CHINA CONCERNS

China released data over the weekend showing inflation for November jumped to 5.1% year-over-year (YOY). This follows October's YOY increase of 4.4% and these increases clearly have the Chinese central government concerned. Over the weekend, China announced that it would raise yet again the bank reserve requirement from 18% to 18.5%. This move is designed to withdraw money from the Chinese economy by reducing the amount of money lent by Chinese banks. The greatest worries about the Chinese economy are focused on real estate development. Depending on who you read, some analysts believe the Chinese have massively over-built and everything from shopping malls to apartment buildings remain empty and unsold. China is not as transparent as Western countries but these concerns about the underpinnings of the Chinese economy must be watched closely.

Because nothing is all one way or the other, November export data for China showed a 34.9% YOY increase in exports and can be interpreted as a clear positive for US and European demand which bodes well for bulls. This is a great example of the general tug-of-war that currently exists between pro-growth bulls and cautious outlook of the bears.

The pause in commodity prices this past week can also be attributed to fears of a slowdown within China. If demand, or expectation of demand, goes up; commodity prices will likely follow.

Looking Ahead

At a recent conference I attended, Bob Doll (Vice Chairman of BlackRock) said that there are times when the economy and stock market do not necessarily move in tandem. Times like this are a good example of this view. The jobs report released on December 3rd showed unemployment jumping up to 9.8% and many pundits say 10% is not far behind. Home prices remain stuck or decreasing. I read a report in Bloomberg which said that nearly 24% of all homes in the US are currently worth less than their mortgages. Yet the stock market is showing renewed strength.

The cross currents in the global economy are impacting the markets with the equity markets winning out recently. The two major issues facing investors are the fears related to excessive borrowing by the developed economies and the sustainability of the economic recovery. The bears fear mounting debt will stifle economic growth, while the bulls see the world economy rebounding and growth rates returning to more normal levels. It appears that the headline of the day drives market returns.

The stock market is also watching the debates in Washington over the tax rates and other fiscal policy issues in Congress. Do not underestimate the importance the markets are placing on a satisfactory resolution of the compromise reached by the President and the Republicans.

When there is so much uncertainty about how the economy is going, the value of the technical research I use with Dorsey Wright and Associates is even more important. Looking at the current market technicals, the New York Stock Exchange Bullish Percent (NYSEBP) closed last Friday and a very strong 77.55. A score over 70 indicates an overbought status of US stocks and that risk levels are high, but does not indicate when a major sell-off may occur. Stocks are favored over bonds. Mid and small-cap stocks are preferred over large cap, and growth is favored over value. Another change occurred in the Dorsey Wright Dynamic Asset Level Indicators (DALI) where Real Estate fell out as one of the favored sectors. This adjustment is not a reason to sell real estate investments; rather it is more a move to place these investments under greater scrutiny. International stocks continue to be favored. I prefer emerging markets and recommend staying away from developed Europe. Equal weighted indexes are preferred over capitalization weighted indexes.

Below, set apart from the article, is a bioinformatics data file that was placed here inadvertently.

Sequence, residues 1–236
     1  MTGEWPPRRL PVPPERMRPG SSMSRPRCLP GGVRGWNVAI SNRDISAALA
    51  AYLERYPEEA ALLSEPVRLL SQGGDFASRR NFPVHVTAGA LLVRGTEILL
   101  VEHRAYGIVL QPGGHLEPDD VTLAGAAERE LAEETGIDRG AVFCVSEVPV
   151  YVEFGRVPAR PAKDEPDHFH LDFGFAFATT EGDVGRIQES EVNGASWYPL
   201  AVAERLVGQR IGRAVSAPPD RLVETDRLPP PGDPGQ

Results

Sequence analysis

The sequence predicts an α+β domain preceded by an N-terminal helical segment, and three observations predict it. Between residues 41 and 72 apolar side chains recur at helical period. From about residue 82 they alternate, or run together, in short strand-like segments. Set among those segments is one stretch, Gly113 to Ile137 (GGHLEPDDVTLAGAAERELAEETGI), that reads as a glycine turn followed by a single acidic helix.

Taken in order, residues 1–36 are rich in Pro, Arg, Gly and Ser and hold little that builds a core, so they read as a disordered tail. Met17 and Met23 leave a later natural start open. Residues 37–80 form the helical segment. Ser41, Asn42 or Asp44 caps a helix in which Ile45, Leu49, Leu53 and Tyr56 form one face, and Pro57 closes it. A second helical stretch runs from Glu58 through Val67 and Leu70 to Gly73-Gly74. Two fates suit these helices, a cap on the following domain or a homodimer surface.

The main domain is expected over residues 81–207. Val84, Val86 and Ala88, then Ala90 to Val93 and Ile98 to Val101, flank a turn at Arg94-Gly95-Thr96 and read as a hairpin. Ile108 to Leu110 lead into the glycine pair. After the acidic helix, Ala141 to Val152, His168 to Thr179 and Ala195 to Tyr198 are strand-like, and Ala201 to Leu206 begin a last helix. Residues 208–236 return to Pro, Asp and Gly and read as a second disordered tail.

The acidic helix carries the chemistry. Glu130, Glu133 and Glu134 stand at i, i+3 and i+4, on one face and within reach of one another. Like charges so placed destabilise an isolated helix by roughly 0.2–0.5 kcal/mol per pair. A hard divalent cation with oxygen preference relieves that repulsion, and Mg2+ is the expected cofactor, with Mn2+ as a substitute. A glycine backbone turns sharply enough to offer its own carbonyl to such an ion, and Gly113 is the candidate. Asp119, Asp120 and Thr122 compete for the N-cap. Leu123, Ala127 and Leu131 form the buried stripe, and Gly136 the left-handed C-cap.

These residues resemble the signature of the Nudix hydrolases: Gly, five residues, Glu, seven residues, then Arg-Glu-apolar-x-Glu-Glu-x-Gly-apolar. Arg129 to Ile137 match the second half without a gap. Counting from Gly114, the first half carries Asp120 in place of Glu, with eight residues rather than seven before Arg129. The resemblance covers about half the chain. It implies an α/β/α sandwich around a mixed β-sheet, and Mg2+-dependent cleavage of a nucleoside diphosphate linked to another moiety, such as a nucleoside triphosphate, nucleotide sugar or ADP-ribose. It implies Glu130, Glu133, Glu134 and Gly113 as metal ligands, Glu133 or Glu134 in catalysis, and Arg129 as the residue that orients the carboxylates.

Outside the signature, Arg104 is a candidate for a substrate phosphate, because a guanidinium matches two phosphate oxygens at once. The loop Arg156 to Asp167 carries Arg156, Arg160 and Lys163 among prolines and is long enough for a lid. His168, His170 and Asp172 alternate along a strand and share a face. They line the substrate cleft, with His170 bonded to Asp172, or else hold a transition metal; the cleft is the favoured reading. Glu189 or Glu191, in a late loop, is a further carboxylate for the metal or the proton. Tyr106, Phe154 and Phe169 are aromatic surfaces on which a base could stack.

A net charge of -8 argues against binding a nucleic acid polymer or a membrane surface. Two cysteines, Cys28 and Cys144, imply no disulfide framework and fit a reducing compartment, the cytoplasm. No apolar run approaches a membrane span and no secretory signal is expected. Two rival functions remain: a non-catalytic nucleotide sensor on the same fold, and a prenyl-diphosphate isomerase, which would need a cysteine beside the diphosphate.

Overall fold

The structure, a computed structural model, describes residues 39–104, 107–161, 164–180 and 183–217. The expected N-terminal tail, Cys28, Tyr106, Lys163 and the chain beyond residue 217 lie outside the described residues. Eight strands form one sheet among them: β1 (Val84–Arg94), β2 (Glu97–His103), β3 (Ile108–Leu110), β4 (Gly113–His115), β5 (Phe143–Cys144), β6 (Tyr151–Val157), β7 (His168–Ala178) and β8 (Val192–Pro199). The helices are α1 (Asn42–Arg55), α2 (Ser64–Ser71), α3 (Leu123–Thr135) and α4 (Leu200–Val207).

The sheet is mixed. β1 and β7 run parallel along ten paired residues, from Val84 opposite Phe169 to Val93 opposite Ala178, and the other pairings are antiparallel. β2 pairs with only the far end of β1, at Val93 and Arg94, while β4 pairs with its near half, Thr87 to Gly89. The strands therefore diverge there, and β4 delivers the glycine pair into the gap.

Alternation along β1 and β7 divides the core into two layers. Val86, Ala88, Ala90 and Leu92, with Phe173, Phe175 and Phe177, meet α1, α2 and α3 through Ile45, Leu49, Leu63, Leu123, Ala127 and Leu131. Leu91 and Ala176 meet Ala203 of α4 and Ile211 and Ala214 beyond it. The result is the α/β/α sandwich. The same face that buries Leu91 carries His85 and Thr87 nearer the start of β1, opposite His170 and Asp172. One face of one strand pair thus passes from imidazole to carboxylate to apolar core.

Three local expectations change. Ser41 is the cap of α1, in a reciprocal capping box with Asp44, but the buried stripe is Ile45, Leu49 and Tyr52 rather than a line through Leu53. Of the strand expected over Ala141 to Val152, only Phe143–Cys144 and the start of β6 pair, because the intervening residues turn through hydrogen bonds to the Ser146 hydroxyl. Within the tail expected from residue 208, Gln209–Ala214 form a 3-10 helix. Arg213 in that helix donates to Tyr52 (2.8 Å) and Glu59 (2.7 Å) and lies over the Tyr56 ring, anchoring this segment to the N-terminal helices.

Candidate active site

I remain committed to maintaining an investment within commodities as a hedge against rising prices. If manufacturing remains strong in China, commodity prices are likely to continue rising.

US bonds continue to pull back as interest rates rise. I will repeat my view that bonds should remain within portfolios at this time and December can be a difficult time as inventories can get skewed. Bonds have pulled back from an overbought status to an oversold status, but for the most part have not violated support lines and should therefore be retained in portfolios. Like real estate, this pullback warrants close scrutiny.

Corporate bonds contain elements of both interest rate risk and credit risk. Treasury bills are guaranteed by the U.S. government as to the timely payment of principal and interest, and if held to maturity, offer a fixed rate of return and fixed principal value. U.S. Treasury bills do not eliminate market risk. The purchase of bonds is subject to availability and market conditions. There is an inverse relationship between the price of bonds and the yield: when price goes up, yield goes down, and vice versa. Market risk is a consideration if sold or redeemed prior to maturity. Some bonds have call features that may affect income.

Emerging market investments involve higher risks than investments from developed countries and also involve increased risks due to differences in accounting methods, foreign taxation, political instability, and currency fluctuation. The main risks of international investing are currency fluctuations, differences in accounting methods, foreign taxation, economic, political or financial instability, and lack of timely or reliable information or unfavorable political or legal developments.